Nonlinearly Frequency-Adaptive, Self-Powered, Proton-Driven Somatosensor Inspired by a Human Mechanoreceptor

Kyoung Yong Chun, Young Jun Son, Seunghwan Seo, Ho Jung Lee, Chang Soo Han

Research output: Contribution to journalArticlepeer-review

10 Citations (Scopus)


In the human skin, it has been well known that several mechanoreceptors uniquely sense external stimuli with specific frequencies and magnitudes. With regard to sensitivity, the output response shows nonlinearity depending on the frequency magnitude of the stimulus. We demonstrate a self-powered proton-driven solid-state somatosensor, which mimics a unique nonlinear response and intensity behavior of human mechanoreceptors. For this, a solid-state sensor is fabricated by combining a piezoelectric film and a proton generation device. The proton injection electrode and the Nafion layer conjugated with sulfonated graphene oxide are used for proton generation and transport. Two types of nonlinear signals from the sensor are similar to the Merkel/Ruffini (low deviation of threshold intensity), and in contrast, the behavior of Pacinian/Meissner (high deviation of threshold intensity) is simultaneously shown. The region of the most responsive frequency is also discriminated according to proton conduction. Moreover, it is asserted that unique signal patterns are obtained from the stimuli of various frequencies, such as respiration, radial artery pulse, and neck vibration, which naturally occur in the human body.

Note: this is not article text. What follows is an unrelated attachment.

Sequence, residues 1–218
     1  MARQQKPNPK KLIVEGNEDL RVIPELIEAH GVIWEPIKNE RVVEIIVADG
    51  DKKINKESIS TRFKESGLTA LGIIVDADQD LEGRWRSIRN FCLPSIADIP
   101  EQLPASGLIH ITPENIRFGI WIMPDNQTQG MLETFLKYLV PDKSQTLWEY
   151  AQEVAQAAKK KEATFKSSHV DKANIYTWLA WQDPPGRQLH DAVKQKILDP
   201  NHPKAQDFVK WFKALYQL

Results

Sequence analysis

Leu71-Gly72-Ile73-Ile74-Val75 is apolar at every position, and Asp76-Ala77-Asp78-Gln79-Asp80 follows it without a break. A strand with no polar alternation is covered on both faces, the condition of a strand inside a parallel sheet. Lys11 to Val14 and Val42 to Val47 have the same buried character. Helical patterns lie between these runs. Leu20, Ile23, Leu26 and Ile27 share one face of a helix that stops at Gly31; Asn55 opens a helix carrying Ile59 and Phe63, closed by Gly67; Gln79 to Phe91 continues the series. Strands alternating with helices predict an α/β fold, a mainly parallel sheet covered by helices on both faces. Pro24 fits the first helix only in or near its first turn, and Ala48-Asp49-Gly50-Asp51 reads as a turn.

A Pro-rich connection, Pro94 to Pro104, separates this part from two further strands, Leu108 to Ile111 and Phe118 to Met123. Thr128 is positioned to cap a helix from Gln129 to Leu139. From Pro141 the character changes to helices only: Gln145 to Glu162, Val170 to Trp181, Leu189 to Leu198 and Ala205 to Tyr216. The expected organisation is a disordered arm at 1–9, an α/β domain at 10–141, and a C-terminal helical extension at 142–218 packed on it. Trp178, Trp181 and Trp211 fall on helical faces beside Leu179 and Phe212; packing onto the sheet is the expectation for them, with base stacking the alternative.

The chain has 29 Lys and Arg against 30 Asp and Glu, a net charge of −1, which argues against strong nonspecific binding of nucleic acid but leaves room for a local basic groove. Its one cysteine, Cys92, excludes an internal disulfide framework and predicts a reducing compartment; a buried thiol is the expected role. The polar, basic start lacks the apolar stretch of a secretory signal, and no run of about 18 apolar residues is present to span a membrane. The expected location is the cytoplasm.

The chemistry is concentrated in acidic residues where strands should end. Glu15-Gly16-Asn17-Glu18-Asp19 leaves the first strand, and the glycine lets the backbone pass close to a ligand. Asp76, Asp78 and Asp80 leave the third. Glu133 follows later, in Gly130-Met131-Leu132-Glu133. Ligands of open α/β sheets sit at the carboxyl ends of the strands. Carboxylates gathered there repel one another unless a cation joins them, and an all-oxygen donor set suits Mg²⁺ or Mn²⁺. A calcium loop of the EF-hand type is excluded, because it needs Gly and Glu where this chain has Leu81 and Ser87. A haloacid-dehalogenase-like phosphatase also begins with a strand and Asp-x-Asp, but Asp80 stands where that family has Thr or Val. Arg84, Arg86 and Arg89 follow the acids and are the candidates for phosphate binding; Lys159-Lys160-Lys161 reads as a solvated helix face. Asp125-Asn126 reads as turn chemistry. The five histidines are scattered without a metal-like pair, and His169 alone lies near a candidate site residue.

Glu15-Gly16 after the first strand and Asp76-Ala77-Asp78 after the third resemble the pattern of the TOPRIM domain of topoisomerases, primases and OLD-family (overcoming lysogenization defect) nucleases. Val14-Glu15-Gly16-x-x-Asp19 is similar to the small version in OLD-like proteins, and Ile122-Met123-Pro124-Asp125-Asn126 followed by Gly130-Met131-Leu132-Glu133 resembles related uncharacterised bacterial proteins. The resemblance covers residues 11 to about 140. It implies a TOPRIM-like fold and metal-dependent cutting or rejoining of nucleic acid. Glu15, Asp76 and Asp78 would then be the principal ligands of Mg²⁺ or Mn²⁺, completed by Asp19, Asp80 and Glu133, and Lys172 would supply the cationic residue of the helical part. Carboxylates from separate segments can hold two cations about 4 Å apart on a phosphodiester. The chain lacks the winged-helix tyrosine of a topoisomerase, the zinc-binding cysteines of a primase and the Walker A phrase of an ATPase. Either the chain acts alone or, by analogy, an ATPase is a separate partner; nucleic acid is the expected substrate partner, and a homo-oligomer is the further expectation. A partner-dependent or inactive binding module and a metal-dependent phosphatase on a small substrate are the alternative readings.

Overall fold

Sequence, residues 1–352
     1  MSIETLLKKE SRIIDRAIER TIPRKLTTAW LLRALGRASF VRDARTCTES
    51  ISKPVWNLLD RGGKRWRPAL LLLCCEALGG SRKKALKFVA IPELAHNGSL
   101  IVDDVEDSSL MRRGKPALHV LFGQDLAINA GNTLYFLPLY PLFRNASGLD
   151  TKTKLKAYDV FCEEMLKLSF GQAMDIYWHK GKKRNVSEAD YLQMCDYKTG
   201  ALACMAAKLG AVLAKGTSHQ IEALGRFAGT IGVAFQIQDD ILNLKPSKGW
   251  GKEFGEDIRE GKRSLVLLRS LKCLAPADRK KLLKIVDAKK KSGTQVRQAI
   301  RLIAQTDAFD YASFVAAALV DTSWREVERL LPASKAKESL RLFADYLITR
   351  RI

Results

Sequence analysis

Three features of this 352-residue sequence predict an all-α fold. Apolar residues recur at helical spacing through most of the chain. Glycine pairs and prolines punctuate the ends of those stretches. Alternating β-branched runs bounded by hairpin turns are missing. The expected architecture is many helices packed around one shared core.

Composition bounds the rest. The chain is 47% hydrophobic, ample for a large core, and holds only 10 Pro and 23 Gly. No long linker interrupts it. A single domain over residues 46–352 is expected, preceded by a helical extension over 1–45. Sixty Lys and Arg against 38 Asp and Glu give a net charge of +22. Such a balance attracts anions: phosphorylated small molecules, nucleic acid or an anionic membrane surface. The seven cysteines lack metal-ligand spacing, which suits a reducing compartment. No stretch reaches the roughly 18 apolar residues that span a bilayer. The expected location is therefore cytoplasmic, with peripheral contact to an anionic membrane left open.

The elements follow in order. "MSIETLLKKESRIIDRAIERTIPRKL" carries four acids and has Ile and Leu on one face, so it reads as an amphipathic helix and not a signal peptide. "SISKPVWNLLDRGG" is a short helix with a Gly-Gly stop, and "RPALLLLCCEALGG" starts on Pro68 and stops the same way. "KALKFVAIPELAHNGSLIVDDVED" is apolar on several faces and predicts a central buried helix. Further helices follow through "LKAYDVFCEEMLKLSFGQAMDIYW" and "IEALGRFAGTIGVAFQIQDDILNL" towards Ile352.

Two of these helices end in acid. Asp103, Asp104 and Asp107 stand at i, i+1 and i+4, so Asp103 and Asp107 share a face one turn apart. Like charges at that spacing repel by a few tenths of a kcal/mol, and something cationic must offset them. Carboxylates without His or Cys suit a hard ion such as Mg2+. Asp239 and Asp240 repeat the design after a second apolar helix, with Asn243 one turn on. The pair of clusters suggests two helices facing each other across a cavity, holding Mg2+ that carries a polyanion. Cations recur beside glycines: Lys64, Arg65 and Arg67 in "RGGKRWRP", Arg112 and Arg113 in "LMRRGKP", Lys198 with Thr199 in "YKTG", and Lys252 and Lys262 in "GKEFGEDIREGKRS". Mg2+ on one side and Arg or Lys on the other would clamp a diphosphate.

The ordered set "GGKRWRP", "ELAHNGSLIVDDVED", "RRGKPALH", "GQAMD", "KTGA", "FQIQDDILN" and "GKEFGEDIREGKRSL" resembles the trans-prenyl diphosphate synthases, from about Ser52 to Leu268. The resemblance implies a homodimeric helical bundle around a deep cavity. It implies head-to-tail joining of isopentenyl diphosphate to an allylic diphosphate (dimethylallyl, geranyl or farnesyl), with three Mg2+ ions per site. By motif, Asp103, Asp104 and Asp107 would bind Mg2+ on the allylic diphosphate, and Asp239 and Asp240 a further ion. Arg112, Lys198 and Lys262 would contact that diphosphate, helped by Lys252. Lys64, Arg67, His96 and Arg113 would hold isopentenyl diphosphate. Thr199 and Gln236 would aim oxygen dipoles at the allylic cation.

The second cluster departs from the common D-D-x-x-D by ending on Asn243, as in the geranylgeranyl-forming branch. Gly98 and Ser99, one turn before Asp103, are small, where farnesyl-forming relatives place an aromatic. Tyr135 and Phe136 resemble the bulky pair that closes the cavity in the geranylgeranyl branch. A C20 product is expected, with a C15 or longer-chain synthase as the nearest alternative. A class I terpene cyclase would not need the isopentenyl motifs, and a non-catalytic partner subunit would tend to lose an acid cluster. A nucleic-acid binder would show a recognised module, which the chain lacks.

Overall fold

Original languageEnglish
Pages (from-to)845-852
Number of pages8
JournalACS Sensors
Issue number3
Publication statusPublished - 2020 Mar 27

Bibliographical note

Funding Information:
This work was supported by a Korea University Grants and the National Research Foundation of Korea (NRF) grant funded by the Korean government (MSIT) (NRF-2019R1A2C1002355 and NRF-2018R1A2A1A05023556).

Publisher Copyright:
Copyright © 2020 American Chemical Society.

Copyright 2020 Elsevier B.V., All rights reserved.


  • frequency-adaptive
  • mechanoreceptor
  • nonlinear
  • proton conduction
  • self-powered
  • somatosensor

ASJC Scopus subject areas

  • Bioengineering
  • Instrumentation
  • Process Chemistry and Technology
  • Fluid Flow and Transfer Processes


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